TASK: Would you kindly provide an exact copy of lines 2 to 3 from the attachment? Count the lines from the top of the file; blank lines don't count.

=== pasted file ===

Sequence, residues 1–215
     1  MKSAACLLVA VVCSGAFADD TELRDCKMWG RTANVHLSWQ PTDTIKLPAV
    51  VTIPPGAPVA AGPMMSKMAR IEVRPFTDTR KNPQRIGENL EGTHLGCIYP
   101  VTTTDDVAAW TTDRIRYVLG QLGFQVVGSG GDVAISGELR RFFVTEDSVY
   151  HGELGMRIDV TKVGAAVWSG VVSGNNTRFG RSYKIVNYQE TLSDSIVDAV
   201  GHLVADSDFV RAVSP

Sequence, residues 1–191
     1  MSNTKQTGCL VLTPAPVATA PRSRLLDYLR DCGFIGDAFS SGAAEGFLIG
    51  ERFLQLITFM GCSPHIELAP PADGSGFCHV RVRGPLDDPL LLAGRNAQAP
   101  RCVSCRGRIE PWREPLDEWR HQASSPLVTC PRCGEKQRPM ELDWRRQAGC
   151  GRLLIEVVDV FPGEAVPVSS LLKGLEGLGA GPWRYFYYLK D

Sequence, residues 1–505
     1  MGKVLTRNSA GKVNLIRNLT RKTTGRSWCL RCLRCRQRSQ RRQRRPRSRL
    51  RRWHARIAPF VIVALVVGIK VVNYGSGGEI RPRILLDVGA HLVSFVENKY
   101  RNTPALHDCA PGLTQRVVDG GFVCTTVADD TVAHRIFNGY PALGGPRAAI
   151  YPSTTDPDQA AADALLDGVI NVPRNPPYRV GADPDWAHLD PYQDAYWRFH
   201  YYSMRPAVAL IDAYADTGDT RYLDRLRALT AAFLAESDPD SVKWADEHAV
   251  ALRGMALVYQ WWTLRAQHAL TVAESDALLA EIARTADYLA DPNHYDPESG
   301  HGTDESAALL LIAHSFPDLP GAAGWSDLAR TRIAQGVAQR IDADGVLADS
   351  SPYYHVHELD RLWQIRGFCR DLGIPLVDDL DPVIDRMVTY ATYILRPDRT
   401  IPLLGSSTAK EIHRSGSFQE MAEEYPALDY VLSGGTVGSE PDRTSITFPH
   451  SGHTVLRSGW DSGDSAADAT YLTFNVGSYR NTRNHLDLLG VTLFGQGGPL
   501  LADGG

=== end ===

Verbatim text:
     1  MKSAACLLVA VVCSGAFADD TELRDCKMWG RTANVHLSWQ PTDTIKLPAV
    51  VTIPPGAPVA AGPMMSKMAR IEVRPFTDTR KNPQRIGENL EGTHLGCIYP